Female War Veteran Is Now Fighting to Protect Africa’s Wildlife from Poachers

U.S. Army veteran Kinessa Johnson, who served in Afghanistan for four years, has gone from protecting humans to protecting animals. She is the latest addition to VETPAW (Veterans Empowered to Protect African Wildlife), an organisation that enlists retired veterans to hunt down wildlife poachers in East Africa.

According to the African Wildlife Foundation, rhinos, elephants, and other types of wildlife on the continent may become extinct within our lifetime. Which is why the work that Johnson and her fellow veterans are doing is immensely important. The team arrived in Tanzania on 26 March, and quickly got down to work: “We’re going over there to do some anti-poaching, kill some bad guys, and do some good,” Johnson said.

Johnson, a former sharp-shooter from Western Washington, works as a technical advisor to anti-poaching rangers. Her job is to train park rangers and patrol with them to provide support. The training will include marksmanship, field medicine, and counter-intelligence. “Our intention is not to harm anyone; we’re here to train park rangers so they can track and detain poachers and ultimately prevent poaching,” she said. “So I patrol routinely with them and also assist in intelligence operations.”


“Most of the time anyone that is in the reserve with a weapon is considered a threat and can be shot if rangers feel threatened,” she added, explaining that African park rangers are in serious need of assistance. “They lost about 187 guys last year over trying to save rhinos and elephants,” she revealed. “Our goal is to prevent trigger pulling throughs strategic movements and methods of prevention.”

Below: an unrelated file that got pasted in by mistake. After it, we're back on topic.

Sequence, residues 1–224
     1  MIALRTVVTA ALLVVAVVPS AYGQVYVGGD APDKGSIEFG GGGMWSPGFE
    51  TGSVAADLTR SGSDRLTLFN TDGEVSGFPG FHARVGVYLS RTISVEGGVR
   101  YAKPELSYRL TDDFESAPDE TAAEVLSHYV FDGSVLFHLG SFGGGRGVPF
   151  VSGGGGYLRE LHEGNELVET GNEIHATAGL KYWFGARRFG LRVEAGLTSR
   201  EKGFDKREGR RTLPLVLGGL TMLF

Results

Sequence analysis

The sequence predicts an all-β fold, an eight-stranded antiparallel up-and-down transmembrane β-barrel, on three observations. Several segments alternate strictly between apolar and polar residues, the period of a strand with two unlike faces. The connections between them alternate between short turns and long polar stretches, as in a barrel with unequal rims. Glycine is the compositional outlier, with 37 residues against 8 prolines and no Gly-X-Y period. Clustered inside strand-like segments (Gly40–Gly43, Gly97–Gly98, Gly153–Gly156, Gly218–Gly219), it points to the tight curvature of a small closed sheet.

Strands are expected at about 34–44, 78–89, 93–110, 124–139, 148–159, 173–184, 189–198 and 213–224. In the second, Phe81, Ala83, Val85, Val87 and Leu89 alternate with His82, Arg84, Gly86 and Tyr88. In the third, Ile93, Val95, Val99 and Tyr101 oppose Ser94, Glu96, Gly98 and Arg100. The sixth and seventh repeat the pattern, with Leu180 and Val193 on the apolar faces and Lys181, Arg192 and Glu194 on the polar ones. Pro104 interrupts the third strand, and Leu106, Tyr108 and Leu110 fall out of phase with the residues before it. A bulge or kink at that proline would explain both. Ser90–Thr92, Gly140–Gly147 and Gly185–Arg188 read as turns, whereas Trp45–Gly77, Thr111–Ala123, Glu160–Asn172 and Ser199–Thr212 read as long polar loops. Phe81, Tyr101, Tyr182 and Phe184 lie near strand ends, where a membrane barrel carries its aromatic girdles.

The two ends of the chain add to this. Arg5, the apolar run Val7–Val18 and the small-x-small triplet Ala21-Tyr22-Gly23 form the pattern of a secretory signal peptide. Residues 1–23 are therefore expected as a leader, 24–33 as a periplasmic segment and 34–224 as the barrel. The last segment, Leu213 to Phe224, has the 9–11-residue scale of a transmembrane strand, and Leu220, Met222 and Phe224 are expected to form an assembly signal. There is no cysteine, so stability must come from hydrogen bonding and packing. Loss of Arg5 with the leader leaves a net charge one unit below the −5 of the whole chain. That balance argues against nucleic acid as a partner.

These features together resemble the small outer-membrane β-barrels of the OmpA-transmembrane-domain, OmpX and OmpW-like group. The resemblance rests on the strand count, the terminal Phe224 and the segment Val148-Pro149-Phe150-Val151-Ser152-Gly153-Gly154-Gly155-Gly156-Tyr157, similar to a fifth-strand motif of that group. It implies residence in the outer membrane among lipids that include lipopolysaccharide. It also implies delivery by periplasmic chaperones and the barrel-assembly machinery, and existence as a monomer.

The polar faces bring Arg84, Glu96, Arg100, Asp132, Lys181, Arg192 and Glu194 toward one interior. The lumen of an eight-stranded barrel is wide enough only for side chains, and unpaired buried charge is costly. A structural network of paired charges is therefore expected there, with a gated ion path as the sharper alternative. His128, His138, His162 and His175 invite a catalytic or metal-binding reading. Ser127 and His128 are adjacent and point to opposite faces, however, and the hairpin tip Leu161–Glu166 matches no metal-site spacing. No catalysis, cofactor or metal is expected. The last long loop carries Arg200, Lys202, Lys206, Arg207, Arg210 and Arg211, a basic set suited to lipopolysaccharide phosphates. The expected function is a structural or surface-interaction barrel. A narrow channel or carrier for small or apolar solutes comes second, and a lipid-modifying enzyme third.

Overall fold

Johnson said that she decided to join VETPAW because of her love for animals, and because protecting endangered species is a cause that’s important to her. Also, the revenue from selling the parts of slaughtered wildlife is believed to fund war and terrorism in Africa. So it made sense to her to volunteer her strength and skills to help protect wildlife.


The non-profit VETPAW was established by retired Marine Ryan Tate, who specifically employs post-9/11 veterans as volunteers. “When I returned to civilian life after the Marine Corp, I lost myself,” he said. But when he learned about the brutality of the poaching crisis in Africa, and that the rangers were dying to protect wildlife, he found his new mission. “I realised I have the skills necessary to help save animals and the people who risk their lives daily. That’s when I decided to create VETPAW.”


Johnson and her teammates are not only doing a phenomenal job in Africa, but are also helping to raise funds for the cause. Johnson has taken to social media for fundraising – posting badass photographs of herself and her team in action – with over 45,000 followers on Facebook and Instagram. When asked on a Q&A forum on Reddit if she or her team had killed any poachers yet, she stated: “We don’t operate with the intent to kill anyone.”


If you’re interested in knowing more about Johnson and VETPAW’s unique mission, you could check them out on Facebook. Discovery channel will also be making a documentary on their activities in Africa, to be released sometime at the end of this year.

Sources: New York Daily News, True Activist

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